On first glance it may seem surprising but now that Yogi Berra has died, it must be acknowledged: he was one of the great Americans of the 20th Century.
Consider his accomplishments: in baseball he is one of the ten greatest New York Yankees, one of the ten greatest players in World Series history, and one of only 310 people elected to the Baseball Hall of Fame. In pop culture, he is an fixture, one of only about 2500 people cited in Bartlett’s Book of Quotations. In addition, he won a Purple Heart for valor at the Normandy landing during World War II. Truly, not many Americans of the postwar generation can match the achievements of Yogi Berra.
Unfortunately, most obituaries of Yogi concentrated on his quotes or sayings attributed to him, many of which he didn’t say. It was a lazy approach; a better measure of who he was could be seen in what other people said about him.
Almost no one had a bad word about Yogi. Virtually the only one who did was the pompous sportscaster Howard Cosell. Cosell, who prided himself on his erudition, claimed Yogi’s “major contribution to society was a guttural illiteracy”, which merely proved Cosell wasn’t as smart as he thought he was. Today he is barely remembered, rightfully so.
Others realized that despite his eighth grade education, Yogi was anything but a naïf. Bartlett Giamotti, a professor of English Renaissance literature, a president of Yale University and a Commissioner of Major League Baseball said, “Talking to Yogi about baseball is like talking to Homer about the gods.”
The New Yorker, home for decades to intellectuals and literary lions, claimed Yogi replaced Winston Churchill as the favorite source of quotations. Pitcher Nolan Ryan said, “If Yogi had gone to college, they would have made him talk clearer but not better.”
Yogi’s unique brand of minimalist logic helped make him a great ballplayer. Ted Williams recalled the first time he saw Yogi, “I’d never heard of him and there he was- his shin guards and chest protector were too long – and I thought ‘who are they trying to kid with this guy?’ Well, I played against him for ten years and I appreciated his abilities more and more and more. He made the pitchers pitch. And he was a damn good hitter.”
That same minimalism made Yogi brilliant in front of a camera. His television commercial in a barbershop with the AFLAC duck is classic television surrealism. Billy Crystal recalled a Yogi performance on Saturday Night Live, “When I was on SNL, Yogi played himself in a mock documentary called ‘Ballplayers.’ Christopher Guest and I played 75 year-old black ballplayers talking about the old days. We acted our hearts out. Yogi had one line and stole the movie. I’ll never work with him again!”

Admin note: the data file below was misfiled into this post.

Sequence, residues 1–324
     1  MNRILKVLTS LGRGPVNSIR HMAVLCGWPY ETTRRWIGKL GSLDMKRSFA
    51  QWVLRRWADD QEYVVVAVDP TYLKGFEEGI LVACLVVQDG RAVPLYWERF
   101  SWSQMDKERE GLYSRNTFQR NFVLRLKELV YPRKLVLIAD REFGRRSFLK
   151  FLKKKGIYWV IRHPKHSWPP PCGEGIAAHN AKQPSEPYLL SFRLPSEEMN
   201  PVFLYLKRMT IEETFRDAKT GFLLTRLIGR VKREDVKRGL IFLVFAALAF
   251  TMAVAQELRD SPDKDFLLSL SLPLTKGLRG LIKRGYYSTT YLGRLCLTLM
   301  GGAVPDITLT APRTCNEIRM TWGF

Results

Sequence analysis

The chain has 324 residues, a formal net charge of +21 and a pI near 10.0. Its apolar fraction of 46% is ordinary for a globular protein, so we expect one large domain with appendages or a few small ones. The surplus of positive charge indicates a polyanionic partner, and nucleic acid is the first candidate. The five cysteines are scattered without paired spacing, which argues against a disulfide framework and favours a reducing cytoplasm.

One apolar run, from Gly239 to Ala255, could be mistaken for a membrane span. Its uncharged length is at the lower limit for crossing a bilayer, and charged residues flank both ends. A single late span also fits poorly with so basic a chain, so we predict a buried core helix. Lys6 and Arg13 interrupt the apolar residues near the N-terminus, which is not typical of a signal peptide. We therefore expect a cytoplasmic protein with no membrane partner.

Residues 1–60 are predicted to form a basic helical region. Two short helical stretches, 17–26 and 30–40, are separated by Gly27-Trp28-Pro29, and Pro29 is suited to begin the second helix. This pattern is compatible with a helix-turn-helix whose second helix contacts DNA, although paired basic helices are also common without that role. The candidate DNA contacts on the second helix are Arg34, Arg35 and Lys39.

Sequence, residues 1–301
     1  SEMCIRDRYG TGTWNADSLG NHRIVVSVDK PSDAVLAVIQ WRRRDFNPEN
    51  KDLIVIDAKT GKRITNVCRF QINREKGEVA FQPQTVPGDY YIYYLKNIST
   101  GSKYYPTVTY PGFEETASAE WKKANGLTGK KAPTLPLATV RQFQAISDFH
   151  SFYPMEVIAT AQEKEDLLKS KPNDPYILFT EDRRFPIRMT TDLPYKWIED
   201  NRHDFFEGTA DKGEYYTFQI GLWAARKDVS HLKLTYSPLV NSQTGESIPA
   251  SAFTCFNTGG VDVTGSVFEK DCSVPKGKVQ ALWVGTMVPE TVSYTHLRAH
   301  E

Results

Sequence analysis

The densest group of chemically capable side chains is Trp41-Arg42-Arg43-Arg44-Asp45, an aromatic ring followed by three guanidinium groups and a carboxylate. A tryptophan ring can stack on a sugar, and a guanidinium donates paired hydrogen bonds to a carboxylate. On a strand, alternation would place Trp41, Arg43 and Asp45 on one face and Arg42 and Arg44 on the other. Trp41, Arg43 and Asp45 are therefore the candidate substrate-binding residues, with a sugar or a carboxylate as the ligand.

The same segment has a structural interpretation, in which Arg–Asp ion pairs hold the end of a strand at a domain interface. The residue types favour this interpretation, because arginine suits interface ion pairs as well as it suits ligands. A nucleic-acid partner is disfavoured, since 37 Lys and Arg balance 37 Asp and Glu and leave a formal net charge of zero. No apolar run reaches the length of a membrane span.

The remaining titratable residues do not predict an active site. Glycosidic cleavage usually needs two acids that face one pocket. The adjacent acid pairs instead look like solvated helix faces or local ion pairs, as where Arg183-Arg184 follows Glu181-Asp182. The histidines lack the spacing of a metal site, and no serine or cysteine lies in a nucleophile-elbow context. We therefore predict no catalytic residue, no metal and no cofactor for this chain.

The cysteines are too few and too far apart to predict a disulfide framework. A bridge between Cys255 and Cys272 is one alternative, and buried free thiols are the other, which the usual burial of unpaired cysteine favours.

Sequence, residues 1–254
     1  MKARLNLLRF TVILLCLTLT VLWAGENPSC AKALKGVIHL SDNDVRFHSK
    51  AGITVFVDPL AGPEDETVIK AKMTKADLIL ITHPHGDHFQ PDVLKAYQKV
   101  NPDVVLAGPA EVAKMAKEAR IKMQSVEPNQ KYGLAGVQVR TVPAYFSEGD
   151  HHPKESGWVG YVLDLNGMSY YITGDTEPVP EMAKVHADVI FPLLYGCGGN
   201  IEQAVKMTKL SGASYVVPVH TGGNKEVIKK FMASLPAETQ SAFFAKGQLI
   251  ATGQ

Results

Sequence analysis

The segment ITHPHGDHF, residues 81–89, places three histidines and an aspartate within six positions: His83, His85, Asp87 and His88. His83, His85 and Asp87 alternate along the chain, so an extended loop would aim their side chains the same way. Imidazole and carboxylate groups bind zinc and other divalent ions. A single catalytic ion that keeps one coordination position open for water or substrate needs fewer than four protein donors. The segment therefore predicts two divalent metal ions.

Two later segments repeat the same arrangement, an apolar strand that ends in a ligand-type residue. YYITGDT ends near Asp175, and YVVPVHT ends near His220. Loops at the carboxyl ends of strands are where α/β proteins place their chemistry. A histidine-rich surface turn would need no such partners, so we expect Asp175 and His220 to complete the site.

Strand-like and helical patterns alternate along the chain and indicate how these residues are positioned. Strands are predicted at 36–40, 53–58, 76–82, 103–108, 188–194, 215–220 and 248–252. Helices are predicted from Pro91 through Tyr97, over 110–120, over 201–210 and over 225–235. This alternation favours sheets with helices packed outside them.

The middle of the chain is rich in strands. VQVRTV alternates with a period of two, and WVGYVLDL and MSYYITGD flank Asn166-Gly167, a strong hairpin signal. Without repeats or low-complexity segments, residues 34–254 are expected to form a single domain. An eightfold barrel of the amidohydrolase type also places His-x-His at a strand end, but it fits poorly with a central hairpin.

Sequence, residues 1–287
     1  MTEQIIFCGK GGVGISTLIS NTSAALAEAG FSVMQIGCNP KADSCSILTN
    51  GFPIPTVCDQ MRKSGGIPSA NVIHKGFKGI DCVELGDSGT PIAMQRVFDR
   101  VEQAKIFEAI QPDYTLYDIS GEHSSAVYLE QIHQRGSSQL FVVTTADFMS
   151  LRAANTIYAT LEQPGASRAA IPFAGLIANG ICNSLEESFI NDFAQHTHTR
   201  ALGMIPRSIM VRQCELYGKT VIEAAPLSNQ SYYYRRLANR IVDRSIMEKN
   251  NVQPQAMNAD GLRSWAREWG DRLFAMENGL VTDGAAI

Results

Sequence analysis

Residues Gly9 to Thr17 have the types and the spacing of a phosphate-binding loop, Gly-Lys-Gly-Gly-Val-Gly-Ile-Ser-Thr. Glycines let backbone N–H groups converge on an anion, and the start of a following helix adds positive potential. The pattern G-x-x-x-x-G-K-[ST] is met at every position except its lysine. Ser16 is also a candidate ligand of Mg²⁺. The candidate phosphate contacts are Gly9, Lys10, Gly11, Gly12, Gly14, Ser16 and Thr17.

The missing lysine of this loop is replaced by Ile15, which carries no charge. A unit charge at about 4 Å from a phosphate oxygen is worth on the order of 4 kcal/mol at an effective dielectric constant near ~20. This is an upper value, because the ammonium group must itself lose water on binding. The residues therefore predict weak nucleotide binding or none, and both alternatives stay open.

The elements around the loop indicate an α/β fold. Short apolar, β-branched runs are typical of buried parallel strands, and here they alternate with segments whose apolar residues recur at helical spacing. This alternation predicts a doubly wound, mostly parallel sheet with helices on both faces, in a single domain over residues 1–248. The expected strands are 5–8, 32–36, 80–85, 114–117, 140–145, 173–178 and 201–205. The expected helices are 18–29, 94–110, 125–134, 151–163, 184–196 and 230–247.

For a professional ballplayer, Yogi was notably open-minded. He welcomed African-American players when the color line was broken in the late 1940’s and early 1950’s. He immediately befriended Jackie Robinson (even though to his dying day he claimed Robinson was out in his memorable steal of home plate in the 1955 World Series) and he mentored the Yankees’ first black player, Elston Howard, who replaced him at catcher.
In 2013, Berra joined Athlete Ally, an organization that partners with professional, college, and Olympic athletes to advance LGBT equality. Hudson Taylor, Athlete Ally founder and Executive Director said of Yogi, “Not only was he one of the best catchers in MLB history, but he was strongly committed to diversity, inclusion, and education. “ Yogi worked with the organization to present a “Championing Respect” exhibit at the Yogi Berra Museum and Learning Center on the campus of Montclair State University. The exhibit featured social change through sports from the integration of baseball with Jackie Robinson to the growth of women’s sports with Billie Jean King to inclusion of gay athletes in sports.
The final word on Yogi Berra came from his manager Casey Stengel, also a legendary baseball raconteur. Of Yogi he said, “They say he’s funny. Well, he has a lovely wife and family, a beautiful home, money in the bank, and he plays golf with millionaires. What’s funny about that?”
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